Mankind believe themselves to have escaped the horrors that preyed on them in bygone ages. Perhaps we are right. Mostly. The torch of scientific progress kindled by Newton and his contemporaries spread like wildfire in the centuries that followed, and drove the beasts that dwelt in our shadows scampering back to the darkened pits that spawned them; turning the hunter into the hunted. Physics, the idea that our world operates through universal and comprehensible laws, castrated the secret magics that had once left kings and peasant children alike shivering in the terror of all-concealing night. Darwin and his concept of evolution banished the ancient monsters with such speed and determination that Heracles himself would have been envious.
Tuesday, March 31, 2015
Monday, February 9, 2015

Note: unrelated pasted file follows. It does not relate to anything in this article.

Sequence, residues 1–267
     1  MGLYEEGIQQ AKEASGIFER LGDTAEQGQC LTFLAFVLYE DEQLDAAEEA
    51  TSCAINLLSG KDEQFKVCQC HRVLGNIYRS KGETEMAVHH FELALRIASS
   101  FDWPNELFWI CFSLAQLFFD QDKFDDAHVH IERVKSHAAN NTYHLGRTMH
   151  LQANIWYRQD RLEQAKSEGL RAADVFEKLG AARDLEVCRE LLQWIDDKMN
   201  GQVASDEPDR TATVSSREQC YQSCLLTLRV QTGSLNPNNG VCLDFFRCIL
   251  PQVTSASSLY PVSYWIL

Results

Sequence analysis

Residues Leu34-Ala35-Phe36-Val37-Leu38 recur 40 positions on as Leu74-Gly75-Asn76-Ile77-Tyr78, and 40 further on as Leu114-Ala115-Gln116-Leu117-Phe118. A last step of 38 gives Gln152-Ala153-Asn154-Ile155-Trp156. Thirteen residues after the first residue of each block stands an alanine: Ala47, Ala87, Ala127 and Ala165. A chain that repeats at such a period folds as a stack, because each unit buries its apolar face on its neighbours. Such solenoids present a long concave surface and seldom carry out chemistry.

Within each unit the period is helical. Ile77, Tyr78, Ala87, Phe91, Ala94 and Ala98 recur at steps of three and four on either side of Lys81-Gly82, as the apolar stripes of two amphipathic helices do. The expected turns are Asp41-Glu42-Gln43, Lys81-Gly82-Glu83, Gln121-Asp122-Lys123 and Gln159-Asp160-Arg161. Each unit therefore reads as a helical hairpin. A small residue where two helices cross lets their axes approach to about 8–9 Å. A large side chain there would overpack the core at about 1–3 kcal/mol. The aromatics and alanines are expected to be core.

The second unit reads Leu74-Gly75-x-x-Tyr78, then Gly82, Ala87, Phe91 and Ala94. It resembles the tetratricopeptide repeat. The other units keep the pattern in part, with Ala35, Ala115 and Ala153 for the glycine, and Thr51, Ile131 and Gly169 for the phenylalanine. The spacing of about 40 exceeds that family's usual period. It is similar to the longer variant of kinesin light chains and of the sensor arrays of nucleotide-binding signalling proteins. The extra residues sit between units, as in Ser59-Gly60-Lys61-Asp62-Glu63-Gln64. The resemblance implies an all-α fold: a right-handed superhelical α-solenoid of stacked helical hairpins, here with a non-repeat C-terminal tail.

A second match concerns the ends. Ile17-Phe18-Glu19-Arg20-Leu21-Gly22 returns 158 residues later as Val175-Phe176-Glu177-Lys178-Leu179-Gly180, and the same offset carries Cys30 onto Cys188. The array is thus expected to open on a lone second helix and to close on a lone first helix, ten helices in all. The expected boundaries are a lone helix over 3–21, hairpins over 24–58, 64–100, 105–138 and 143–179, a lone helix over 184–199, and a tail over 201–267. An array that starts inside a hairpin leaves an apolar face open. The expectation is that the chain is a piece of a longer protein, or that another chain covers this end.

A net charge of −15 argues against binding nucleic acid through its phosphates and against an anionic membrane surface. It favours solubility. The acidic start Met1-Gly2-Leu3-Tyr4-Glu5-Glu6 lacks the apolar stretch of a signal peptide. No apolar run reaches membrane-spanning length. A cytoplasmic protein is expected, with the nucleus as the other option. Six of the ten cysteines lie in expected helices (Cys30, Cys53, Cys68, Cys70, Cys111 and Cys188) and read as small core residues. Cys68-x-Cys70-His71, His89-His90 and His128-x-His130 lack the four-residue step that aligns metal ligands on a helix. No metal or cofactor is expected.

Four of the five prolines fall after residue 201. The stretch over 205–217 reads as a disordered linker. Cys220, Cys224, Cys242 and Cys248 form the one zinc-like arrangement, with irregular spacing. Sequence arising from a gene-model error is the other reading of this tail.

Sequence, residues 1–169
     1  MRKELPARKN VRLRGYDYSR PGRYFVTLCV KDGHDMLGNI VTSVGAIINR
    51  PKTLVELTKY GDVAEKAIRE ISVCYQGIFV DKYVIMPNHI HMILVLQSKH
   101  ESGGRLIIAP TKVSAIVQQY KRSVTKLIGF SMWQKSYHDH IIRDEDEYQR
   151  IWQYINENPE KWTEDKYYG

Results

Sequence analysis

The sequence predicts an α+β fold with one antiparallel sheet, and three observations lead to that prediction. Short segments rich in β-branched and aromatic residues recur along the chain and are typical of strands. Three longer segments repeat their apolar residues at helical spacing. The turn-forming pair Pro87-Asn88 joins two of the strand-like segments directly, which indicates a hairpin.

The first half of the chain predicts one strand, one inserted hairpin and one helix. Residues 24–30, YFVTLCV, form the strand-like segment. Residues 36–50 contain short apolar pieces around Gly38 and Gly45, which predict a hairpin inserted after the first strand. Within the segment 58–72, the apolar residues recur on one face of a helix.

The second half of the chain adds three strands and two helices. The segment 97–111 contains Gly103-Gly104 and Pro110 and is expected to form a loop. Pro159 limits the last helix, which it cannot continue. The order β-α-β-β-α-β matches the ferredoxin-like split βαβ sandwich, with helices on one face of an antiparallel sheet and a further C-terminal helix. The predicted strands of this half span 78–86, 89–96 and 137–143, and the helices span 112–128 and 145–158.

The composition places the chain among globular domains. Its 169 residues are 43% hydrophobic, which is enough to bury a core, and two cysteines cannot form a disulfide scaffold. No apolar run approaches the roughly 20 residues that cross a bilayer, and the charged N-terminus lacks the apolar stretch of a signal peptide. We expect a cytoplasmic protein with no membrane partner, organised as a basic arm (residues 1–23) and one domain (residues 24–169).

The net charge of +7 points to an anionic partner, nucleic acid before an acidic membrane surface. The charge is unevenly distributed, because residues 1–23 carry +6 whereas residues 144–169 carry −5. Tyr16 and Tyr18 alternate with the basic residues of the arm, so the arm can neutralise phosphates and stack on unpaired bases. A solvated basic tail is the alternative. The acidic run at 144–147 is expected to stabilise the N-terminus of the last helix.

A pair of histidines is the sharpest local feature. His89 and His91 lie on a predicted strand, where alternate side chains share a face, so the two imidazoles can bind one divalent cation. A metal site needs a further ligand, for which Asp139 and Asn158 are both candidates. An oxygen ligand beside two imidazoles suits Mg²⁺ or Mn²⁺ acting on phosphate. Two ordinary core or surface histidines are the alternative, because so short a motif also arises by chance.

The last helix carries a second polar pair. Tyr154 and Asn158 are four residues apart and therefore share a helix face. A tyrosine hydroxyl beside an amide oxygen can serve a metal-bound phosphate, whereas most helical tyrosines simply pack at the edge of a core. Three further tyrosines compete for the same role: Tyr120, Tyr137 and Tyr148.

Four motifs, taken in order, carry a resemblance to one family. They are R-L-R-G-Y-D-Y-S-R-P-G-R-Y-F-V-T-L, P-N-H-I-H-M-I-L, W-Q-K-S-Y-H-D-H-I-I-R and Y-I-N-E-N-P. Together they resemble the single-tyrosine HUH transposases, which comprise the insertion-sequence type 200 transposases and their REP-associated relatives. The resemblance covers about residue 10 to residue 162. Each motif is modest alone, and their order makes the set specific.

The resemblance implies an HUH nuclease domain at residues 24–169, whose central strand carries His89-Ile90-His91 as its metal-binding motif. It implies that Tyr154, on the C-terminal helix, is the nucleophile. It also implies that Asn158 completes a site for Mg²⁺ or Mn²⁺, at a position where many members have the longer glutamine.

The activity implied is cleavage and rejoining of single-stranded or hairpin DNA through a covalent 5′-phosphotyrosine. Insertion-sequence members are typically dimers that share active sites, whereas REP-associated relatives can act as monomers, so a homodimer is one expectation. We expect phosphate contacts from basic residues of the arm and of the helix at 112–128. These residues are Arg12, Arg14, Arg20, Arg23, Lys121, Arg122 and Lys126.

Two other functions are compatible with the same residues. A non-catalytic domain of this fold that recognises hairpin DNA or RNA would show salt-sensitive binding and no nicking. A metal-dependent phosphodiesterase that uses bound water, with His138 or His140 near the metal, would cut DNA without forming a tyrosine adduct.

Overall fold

J.R.R Tolkien’s “The Lord of the Rings” is one of the few works of any medium or genre that sit at the top of both popular and critical opinion. While Tolkien’s narrative, in and of itself, would put the work in the company of the greatest works of fantasy, what, in my opinion, really sets it as above and beyond the greatest masterpiece of the genre is the body of literary theory that acted as a foundation for the work. While Tolkien is unquestionably the most imitated fantasy writer in history, few if any, of the thousands of books published each year seriously explore, never mind advance upon, the theoretical framework that holds the novel together. Many modern readers (and I suspect many modern fantasy writers) are not even aware that Tolkien wrote any literary theory. Because of this, I decided to do my part to spread awareness of this most overlooked part of Tolkien’s corpus by writing about one of my favorite of his theoretical ideas: the notion of Applicability.